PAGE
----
New observations of nearby pulsars—lighthouse-like neutron stars beaming energy—seem to have deepened a mystery that’s been bugging scientists for around a decade. The Earth is being hit with too much antimatter from outer space, and no one is sure why.
Not to scare you, but you’re getting hit with radiation constantly. First, there’s just regular old light (yep, that’s a kind of radiation). Then there are low levels of higher energy radiation like the kind in nuclear reactors, including particles coming out of the soil and off of bananas. But the highest-energy…
New Horizons has been sending back some incredible information about Pluto, but the Dwarf planet isn’t the only thing it’s been studying. NASA recently noted that the spacecraft’s vantage point is ideal for studying Solar Wind, and it’s been doing just that.
There’s a long and colorful history of people trying to unlock the secret of how the Egyptian pyramids were built—and possibly find hidden rooms and corridors, for good measure. And now, a new international project aims to peer through the stone walls of these ancient structures, using cosmic rays.
At Switzerland’s Montreux Jazz Festival in July, jazz pianist Al Blatter found himself jamming with an unusual collaborator: the so-called “cosmic piano,” an instrument developed by physicists at CERN that relies on data generated by cosmic rays to make beautiful music. Whenever a particle passes through a detector…
This is simultaneously cool and horrifying. Cosmic rays are actually particles—tiny protons and neutrons, that shoot through space. They’re too small to see, but astronauts may still be seeing them.
The Fly’s Eye was a crude cosmic ray detector perched on top a Utah mountain in the early 80s and 90s. It’s long obsolete now, but it’ll always have a place in astronomy history: On October, 15 1991, it detected something called the Oh-My-God particle, a cosmic ray going faster than astronomers thought possible.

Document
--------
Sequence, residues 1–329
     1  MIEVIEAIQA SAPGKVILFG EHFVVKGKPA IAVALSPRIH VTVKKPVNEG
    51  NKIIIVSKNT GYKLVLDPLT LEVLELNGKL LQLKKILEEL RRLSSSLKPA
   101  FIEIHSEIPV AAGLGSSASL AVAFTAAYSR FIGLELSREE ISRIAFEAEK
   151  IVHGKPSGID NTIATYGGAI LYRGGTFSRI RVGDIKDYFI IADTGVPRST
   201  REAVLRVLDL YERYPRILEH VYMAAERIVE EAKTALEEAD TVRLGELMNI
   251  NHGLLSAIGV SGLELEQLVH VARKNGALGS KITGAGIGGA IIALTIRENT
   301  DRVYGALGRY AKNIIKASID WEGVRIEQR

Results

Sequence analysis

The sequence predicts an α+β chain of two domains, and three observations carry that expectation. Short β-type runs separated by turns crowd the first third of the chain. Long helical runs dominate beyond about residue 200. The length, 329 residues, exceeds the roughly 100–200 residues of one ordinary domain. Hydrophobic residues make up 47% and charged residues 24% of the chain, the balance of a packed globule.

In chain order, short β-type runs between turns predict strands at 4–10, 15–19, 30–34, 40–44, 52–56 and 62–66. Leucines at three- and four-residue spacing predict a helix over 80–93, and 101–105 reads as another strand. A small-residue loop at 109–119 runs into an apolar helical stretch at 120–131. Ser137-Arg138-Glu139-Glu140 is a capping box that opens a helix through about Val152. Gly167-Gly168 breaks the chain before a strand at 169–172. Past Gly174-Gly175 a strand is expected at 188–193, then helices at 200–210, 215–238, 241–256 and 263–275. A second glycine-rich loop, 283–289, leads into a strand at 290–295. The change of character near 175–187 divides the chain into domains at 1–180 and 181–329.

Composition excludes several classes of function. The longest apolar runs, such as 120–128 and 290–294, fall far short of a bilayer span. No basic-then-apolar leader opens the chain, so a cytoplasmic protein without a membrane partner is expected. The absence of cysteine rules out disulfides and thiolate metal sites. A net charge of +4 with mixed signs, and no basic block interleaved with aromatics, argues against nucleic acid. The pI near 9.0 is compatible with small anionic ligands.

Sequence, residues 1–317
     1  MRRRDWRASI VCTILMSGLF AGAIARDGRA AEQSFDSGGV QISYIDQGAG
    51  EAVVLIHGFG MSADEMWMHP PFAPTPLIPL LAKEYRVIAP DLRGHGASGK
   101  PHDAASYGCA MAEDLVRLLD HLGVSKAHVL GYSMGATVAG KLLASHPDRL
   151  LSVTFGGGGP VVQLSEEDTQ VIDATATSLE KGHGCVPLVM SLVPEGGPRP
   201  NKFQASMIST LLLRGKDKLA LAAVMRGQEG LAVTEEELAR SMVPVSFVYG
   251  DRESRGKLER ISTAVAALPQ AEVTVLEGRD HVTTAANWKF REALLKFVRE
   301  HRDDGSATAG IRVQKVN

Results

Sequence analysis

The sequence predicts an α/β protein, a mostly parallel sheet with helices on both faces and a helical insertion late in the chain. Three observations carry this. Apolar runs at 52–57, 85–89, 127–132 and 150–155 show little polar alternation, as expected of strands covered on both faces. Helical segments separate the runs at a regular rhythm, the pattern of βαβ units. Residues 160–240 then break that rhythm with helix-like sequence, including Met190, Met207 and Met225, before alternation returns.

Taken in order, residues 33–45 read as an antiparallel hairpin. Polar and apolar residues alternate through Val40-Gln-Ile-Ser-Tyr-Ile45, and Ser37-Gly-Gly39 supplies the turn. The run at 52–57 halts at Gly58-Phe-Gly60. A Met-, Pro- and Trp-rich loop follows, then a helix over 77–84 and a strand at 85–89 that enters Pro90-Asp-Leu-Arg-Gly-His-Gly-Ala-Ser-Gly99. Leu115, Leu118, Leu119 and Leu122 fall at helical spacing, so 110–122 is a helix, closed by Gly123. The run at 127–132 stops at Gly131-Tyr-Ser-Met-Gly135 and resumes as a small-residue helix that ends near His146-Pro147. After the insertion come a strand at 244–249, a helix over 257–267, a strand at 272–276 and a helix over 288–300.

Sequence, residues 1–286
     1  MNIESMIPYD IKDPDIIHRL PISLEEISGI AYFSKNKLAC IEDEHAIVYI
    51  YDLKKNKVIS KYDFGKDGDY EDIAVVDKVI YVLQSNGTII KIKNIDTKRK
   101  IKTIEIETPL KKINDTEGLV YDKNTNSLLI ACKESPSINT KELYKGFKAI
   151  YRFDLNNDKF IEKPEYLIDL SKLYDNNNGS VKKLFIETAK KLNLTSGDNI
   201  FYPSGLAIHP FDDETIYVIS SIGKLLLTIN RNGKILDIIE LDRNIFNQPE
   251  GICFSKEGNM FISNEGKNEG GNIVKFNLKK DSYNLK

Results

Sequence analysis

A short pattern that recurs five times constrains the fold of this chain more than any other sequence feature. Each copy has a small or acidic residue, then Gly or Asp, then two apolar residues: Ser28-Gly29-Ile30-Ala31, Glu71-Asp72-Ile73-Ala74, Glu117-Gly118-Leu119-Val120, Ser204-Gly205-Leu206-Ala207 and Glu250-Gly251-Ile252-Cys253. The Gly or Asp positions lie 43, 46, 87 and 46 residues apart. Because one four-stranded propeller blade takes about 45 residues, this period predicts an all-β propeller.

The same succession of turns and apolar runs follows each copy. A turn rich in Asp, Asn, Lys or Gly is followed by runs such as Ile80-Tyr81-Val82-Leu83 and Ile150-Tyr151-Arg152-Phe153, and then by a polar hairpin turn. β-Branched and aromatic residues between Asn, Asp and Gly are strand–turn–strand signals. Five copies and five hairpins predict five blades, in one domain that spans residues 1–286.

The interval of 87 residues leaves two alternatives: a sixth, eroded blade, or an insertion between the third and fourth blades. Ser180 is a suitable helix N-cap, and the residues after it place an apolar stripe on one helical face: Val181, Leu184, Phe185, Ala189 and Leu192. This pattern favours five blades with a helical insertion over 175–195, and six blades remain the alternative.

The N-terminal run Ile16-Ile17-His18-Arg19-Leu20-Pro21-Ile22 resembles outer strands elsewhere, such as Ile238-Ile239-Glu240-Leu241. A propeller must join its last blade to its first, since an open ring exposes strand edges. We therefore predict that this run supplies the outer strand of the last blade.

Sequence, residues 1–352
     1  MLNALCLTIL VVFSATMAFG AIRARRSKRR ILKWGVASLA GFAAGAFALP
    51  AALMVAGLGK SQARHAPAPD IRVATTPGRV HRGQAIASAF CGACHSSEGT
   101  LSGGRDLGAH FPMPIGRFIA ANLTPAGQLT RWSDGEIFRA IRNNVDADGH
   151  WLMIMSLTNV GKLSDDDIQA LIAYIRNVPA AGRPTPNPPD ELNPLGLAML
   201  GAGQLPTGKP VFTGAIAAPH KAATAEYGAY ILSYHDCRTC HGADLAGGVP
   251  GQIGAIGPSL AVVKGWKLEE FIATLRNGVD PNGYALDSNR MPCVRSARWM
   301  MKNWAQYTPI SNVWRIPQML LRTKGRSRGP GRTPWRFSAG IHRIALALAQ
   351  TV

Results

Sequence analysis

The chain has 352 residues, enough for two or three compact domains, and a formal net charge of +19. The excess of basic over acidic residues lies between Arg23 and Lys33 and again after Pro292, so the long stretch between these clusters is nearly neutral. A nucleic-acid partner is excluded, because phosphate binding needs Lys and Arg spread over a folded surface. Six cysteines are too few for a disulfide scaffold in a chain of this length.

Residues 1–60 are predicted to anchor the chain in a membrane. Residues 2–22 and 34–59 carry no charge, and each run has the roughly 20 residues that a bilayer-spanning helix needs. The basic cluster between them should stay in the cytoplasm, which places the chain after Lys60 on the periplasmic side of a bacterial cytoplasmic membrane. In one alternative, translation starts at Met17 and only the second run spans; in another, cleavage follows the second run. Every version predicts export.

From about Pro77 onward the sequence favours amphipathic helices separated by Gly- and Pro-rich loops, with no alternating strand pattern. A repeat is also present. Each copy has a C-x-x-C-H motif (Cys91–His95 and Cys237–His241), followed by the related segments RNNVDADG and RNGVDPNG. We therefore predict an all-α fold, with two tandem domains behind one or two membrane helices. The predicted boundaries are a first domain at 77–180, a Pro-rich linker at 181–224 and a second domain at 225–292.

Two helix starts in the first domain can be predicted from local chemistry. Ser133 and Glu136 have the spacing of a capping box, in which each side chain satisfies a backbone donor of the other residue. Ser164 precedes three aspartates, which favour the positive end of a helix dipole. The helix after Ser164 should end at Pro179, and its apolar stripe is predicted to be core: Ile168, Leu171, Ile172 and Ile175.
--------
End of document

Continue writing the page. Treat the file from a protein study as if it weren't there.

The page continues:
If you could enlist your smartphone to become part of an earth-sized telescope searching for the source of cosmic rays, would you? Researchers at University of California are hoping you'd say yes—they've developed an app that will leverage the power of one million smartphone cameras to answer one of the great…
Cosmic rays rain down on the Earth every day. Most of them don't have that much of an effect, but some cause a chain reaction that makes an "air shower," raining billions of particles down onto the ground.
About once a century on any given square kilometer of Earth, a cosmic ray hits with mind-boggling intensity. The teeny tiny subatomic particle from space comes careening in with more than 10 million times the energy of particles shot out by the LHC. Where do these ultrahigh energy cosmic rays come from? Astronomers…
As far as universal limits go, the speed of light gets all the glory. But did you know there is a different speed limit for particles? It's called the GZK limit, and some people think it has already been exceeded. Which has some pretty weird implications for the laws of the universe.
An Italian scientist has taken 37 years worth of data from both Voyager space probes and turned it into music. The result is surprisingly good.
Every so often, incredibly energetic charged particles will reach Earth - and we're not sure what could possibly be powerful enough to generate these cosmic rays. Now we might have the answer...and it's just an absurdly specific set of circumstances.
450 million years ago, the Earth's warm oceans teemed with life we'd recognize as seaweed, starfish, clams, and coral reefs. Suddenly, over half these species died. Now scientists say it was caused by cosmic rays - and could happen again.
If you were wondering what the drastic decrease in solar activity might mean to you and me, wonder no longer — cosmic rays are hitting Earth at a much higher rate than any time in the last 50 years.